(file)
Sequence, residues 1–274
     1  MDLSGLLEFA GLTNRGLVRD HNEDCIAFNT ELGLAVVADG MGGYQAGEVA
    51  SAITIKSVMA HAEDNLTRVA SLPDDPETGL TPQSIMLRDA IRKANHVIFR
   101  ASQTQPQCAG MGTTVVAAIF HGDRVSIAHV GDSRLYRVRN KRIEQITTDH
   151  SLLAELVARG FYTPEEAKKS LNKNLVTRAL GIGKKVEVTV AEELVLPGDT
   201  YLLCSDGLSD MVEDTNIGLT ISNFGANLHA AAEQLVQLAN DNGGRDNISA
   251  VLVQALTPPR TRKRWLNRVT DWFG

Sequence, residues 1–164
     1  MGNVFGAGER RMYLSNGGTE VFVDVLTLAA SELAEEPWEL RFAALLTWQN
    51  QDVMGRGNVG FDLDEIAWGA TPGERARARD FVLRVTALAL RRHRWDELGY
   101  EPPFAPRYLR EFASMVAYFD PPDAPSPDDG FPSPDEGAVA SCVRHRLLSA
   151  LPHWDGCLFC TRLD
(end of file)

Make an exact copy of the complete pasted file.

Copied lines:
Sequence, residues 1–274
     1  MDLSGLLEFA GLTNRGLVRD HNEDCIAFNT ELGLAVVADG MGGYQAGEVA
    51  SAITIKSVMA HAEDNLTRVA SLPDDPETGL TPQSIMLRDA IRKANHVIFR
   101  ASQTQPQCAG MGTTVVAAIF HGDRVSIAHV GDSRLYRVRN KRIEQITTDH
   151  SLLAELVARG FYTPEEAKKS LNKNLVTRAL GIGKKVEVTV AEELVLPGDT
   201  YLLCSDGLSD MVEDTNIGLT ISNFGANLHA AAEQLVQLAN DNGGRDNISA
   251  VLVQALTPPR TRKRWLNRVT DWFG

Sequence, residues 1–164
     1  MGNVFGAGER RMYLSNGGTE VFVDVLTLAA SELAEEPWEL RFAALLTWQN
    51  QDVMGRGNVG FDLDEIAWGA TPGERARARD FVLRVTALAL RRHRWDELGY
   101  EPPFAPRYLR EFASMVAYFD PPDAPSPDDG FPSPDEGAVA SCVRHRLLSA
   151  LPHWDGCLFC TRLD